Cuomo orders upstate hospitals to give spare ventilators to overwhelmed downstate health centers

Apr 3, 2020

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On the highest single-day increase in coronavirus deaths and new hospitalizations in New York, Gov. Andrew Cuomo is mandating that upstate hospitals share their spare ventilators with downstate hospitals that are overwhelmed with dealing with COVID-19 patients and rapidly running out of the machines. 

The governor said he understands why hospitals in parts of New York where there are fewer cases of coronavirus want to hold on to their spare ventilators for when cases spike.

But he said the market for ventilators has “collapsed,” and he’s now mandating in an executive order that the hospitals give up the machines, for now, to downstate hospitals. 

“Those institutions will either get their ventilator back, or they will be reimbursed and paid for their ventilator,” Cuomo said. “So they can buy a new ventilator.”  

Cuomo said the National Guard will be coming to pick up the spare ventilators, which he believes number in the hundreds.  

He said a new concern has emerged: The virus is increasing on Long Island, which has fewer hospitals than the New York City metropolitan area. 

Local elected leaders expressed concerns about the order.

Rep. Joe Morelle, D-Irondequoit, said Cuomo's plan can work if different cities have different COVID-19 peaks. But he added that you can't say with certainty how many ventilators a city like Rochester will need on any given day.

During an appearance on WXXI's "Connections with Evan Dawson," Morelle said he plans to make that clear to the governor.

"My job -- and I take this very seriously -- is to be concerned for people in the 25th Congressional district, which is essentially Monroe County," he said. "We gotta make sure that, as the peak arrives here, that we have adequate supply here."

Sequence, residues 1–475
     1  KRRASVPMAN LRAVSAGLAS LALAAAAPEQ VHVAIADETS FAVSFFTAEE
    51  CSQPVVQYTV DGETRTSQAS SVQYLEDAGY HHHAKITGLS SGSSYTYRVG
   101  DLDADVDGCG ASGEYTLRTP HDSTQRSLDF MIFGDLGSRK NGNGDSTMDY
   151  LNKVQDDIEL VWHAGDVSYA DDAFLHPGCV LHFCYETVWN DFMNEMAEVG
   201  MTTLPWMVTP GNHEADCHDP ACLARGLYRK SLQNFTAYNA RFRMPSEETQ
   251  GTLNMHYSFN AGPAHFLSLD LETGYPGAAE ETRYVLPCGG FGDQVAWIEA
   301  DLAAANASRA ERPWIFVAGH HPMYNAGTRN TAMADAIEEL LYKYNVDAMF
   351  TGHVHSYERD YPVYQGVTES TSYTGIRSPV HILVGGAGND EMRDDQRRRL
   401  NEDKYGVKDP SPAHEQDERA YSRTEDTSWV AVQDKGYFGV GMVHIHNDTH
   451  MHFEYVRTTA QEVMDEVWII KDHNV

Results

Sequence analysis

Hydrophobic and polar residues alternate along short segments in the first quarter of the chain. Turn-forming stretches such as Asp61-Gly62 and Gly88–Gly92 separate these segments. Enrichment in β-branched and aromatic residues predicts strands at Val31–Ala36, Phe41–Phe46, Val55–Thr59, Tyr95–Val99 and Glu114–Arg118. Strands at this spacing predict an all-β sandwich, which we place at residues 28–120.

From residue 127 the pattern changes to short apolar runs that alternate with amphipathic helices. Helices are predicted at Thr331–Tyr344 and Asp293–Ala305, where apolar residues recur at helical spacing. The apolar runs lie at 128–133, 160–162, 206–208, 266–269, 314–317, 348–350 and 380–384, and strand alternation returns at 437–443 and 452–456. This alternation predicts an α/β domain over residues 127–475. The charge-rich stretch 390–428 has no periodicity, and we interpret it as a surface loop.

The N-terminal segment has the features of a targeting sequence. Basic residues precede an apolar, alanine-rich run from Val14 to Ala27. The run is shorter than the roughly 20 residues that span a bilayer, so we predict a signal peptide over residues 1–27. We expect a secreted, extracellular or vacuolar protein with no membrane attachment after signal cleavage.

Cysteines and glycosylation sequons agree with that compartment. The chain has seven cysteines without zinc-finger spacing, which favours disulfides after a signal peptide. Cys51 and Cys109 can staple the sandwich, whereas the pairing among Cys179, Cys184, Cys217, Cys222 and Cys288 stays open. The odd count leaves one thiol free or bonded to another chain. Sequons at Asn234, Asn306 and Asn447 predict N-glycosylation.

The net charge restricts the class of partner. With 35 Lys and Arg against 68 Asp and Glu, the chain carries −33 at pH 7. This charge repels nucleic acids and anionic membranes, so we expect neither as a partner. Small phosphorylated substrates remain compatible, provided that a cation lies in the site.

Morelle's main concern regarding ventilators is with the slow response from President Donald Trump.

"This is complicated," he said. "So the White House really needs to get on this, engage our supply chain, and start producing these products."

In a statement, Rep. Tom Reed opposed Cuomo's plan.

"Cases and deaths are increasing today in western New York. Multiple intubations are occurring regularly," said Reed, R-Corning. "We have to protect all New Yorkers, including upstate. The governor said he was sending the National Guard to take our ventilators and PPE by force. That doesn't sound like a request or working together. That sounds like force. Once we lose these ventilators they are never coming back."

Monroe County Executive Adam Bello said in a statement that the county doesn't have "excess capacity" to share supplies.

"The health and safety of the residents of Monroe County is, and will always be, my number one priority," Bello said. "During this public health crisis, I am in daily contact with both of our hospital systems to ensure we are properly planning to build the capacity to meet medical needs here. While it's reasonable to share resources across communities when available, the reality is that Monroe County's positive cases, hospitalizations, and ventilator usage increase daily. We do not have excess capacity to send supplies out of the region."

Erie County Executive Mark Poloncarz aired his concerns about the governor's directive as well. Upstate leaders worry that if they give up ventilators now, they won't get them back when the surge hits in May.